As I continued up towards Blaen Crew and the first of several false summits, the air was full of the song of skylarks and the occasional screech of a buzzard or red kite soaring overhead. The red kite has been one of the great success stories of recent reintroductions of previously native species that had been driven to extinction in the UK by the hand of man, in this case by gamekeepers on sporting estate seeking to stop these raptors taking game bird chicks. When I first lived in Wales, red kites were still so rare that the Army mounted a round-the-clock guard of known nesting sites in Mid Wales. Twenty years later we can see these wonderful birds in the skies over Leicestershire.
Cresting the ridge, I followed the well-worn path around to Bwlch Du Wynt – ‘Pass of the Dark Wind’ – where the wind really does hit you on a winter’s day, but on this occasion the sun was shining and the air was still. From here, the path joins the tourist motorway coming up from Pont ar Daf car park – the shortest, easiest and dullest route up Pen y Fan. I skirted around Corn Du and, after the short final pull up to the top, I was once again standing on the summit of South Wales’ highest mountain, standing a few tantalising feet short of the magical 3,000 foot mark. Avoiding the excited family group posing with a Union Jack on the summit cairn, I took a moment to recall some of the previous times I had stood in this place – with old and bold paratroopers recounting tales of the ‘Fan Dance’, part of SAS Selection and the time I had a soldier collapse with exhaustion and hypothermia and the quickest way to get him off the hill was to kick him over the top and down the other side to the shelter of Cwm Gwdi Training Camp, now long since demolished and the site returned to nature. I have trudged up that hill with 40lbs on my back dripping with sweat despite the freezing fog and have run up it on a summer’s day in T-shirt and fell shoes. This time, thinking about everything that has happened since I last climbed The Fan the over-riding feeling was “I’m back and I’m still alive”.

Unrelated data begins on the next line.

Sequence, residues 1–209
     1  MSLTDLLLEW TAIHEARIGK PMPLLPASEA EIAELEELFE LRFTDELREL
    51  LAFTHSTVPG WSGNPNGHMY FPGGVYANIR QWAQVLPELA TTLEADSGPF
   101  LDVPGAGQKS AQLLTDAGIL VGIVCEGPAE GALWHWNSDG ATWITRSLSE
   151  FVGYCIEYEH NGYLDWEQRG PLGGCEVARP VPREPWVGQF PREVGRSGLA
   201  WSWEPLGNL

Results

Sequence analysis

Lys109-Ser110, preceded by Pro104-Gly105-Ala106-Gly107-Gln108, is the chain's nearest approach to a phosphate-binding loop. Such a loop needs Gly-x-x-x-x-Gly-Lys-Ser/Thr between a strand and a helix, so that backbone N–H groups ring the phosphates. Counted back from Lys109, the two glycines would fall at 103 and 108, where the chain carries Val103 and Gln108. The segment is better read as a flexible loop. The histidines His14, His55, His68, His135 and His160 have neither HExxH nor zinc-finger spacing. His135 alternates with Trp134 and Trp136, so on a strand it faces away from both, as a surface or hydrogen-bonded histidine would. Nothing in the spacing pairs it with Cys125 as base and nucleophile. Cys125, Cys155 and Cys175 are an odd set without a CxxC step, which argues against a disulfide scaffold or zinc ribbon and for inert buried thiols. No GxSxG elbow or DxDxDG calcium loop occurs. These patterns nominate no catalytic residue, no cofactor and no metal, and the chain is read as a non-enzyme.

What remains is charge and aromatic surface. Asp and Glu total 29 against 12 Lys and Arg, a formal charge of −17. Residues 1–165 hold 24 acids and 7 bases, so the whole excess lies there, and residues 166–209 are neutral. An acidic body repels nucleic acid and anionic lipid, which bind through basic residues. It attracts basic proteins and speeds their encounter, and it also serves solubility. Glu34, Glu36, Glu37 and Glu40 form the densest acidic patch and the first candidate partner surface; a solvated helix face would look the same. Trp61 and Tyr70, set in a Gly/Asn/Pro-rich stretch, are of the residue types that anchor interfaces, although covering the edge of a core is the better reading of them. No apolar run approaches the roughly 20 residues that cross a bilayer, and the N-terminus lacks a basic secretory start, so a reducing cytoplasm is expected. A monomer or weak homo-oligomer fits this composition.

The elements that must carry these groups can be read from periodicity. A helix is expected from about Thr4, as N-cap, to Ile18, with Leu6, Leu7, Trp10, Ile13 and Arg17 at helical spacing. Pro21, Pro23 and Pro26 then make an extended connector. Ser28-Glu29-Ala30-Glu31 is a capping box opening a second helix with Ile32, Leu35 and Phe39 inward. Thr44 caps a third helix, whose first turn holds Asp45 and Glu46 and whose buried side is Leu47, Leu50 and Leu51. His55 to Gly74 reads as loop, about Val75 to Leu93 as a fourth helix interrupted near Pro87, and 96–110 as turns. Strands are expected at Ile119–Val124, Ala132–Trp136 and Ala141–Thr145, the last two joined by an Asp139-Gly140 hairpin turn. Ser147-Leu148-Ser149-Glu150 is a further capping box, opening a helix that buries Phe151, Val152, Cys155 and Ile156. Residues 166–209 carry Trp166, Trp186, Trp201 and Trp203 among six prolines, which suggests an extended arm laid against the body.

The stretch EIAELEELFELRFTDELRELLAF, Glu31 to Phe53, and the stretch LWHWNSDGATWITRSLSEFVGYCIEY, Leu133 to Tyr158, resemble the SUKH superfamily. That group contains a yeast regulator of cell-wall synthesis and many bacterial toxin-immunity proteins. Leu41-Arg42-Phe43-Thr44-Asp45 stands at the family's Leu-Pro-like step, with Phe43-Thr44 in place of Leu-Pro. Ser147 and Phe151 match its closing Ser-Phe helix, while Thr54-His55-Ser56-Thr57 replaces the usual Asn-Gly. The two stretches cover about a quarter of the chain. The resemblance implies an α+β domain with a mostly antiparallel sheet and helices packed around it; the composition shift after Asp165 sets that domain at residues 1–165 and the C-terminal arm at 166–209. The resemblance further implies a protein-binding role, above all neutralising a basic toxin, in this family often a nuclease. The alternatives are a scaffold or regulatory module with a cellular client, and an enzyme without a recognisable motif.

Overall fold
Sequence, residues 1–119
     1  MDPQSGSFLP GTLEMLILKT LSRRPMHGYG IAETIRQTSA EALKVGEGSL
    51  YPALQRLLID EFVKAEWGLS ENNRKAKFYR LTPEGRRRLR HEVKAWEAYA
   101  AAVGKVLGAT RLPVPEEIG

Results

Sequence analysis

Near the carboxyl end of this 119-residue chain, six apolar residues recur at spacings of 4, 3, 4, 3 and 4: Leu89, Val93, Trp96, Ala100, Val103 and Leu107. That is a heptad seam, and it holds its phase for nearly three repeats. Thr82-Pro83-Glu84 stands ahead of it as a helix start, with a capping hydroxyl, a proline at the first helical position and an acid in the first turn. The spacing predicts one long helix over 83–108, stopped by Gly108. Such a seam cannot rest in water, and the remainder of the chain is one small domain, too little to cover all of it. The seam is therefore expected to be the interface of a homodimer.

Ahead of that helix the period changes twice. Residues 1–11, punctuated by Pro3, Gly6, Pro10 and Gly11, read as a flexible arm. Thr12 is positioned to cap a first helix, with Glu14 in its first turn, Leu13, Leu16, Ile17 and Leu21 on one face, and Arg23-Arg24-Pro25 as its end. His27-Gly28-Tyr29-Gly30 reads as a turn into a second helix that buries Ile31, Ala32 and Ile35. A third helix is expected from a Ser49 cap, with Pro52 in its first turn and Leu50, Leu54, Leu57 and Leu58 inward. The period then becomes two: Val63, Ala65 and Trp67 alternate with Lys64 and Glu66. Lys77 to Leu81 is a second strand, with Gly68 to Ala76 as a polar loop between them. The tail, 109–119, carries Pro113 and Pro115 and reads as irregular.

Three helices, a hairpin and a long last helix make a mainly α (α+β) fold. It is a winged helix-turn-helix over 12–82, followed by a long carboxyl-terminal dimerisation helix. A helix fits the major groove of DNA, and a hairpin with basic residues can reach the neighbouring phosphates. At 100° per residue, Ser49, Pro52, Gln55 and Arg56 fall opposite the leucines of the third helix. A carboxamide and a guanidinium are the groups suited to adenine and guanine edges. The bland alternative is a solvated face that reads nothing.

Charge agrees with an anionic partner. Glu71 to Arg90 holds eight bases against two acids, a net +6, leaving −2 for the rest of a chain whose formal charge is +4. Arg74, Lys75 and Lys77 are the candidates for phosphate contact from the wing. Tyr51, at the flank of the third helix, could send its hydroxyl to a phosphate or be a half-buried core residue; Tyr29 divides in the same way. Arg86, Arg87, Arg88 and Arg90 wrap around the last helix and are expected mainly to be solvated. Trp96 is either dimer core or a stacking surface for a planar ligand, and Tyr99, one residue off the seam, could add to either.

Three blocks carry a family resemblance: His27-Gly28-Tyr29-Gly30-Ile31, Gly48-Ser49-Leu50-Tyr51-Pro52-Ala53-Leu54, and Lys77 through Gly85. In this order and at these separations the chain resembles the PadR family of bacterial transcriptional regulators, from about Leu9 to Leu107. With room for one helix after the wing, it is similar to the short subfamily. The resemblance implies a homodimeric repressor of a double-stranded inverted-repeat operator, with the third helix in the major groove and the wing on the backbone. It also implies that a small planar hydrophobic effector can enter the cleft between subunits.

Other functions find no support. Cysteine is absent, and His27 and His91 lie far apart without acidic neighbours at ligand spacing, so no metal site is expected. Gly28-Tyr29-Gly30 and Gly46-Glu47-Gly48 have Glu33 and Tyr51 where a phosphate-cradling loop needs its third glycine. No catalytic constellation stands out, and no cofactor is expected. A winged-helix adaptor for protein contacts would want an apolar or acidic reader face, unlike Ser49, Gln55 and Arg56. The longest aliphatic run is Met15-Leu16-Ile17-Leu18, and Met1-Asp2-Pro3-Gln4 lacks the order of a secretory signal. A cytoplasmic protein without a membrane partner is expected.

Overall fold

The problem with climbing mountains is that sooner or later you have to go back down again. The words of Alfred Wainwright “you may not pass this way again” are always in my mind whenever I turn my back on the view from any summit and start the downward, homeward trek. Picking my way over the scree, my knees and thigh muscles wasted no time in informing me that they were not getting any younger and that, after seven years living back in the lowlands of the East Midlands, Cribyn on this occasion would be a hill too far. I heeded their advice and bypassed the next peak to arrive at the pass where the old Gap Road crosses between Cribyn and Fan y Big. I always think of Windy Gap as a place to shelter briefly from a gale or driving rain and take on some high-calorie sustenance before once again braving the elements to tackle the next summit. I have never before had to seek shade from the relentless sunshine and strongly suspect this to be a once-in-a-lifetime experience that will never be repeated.
All that now remained was to negotiate the loose, stony surface of the Gap Road- painful on tired legs – and to trudge the final few hot tarmac miles back down to the real world.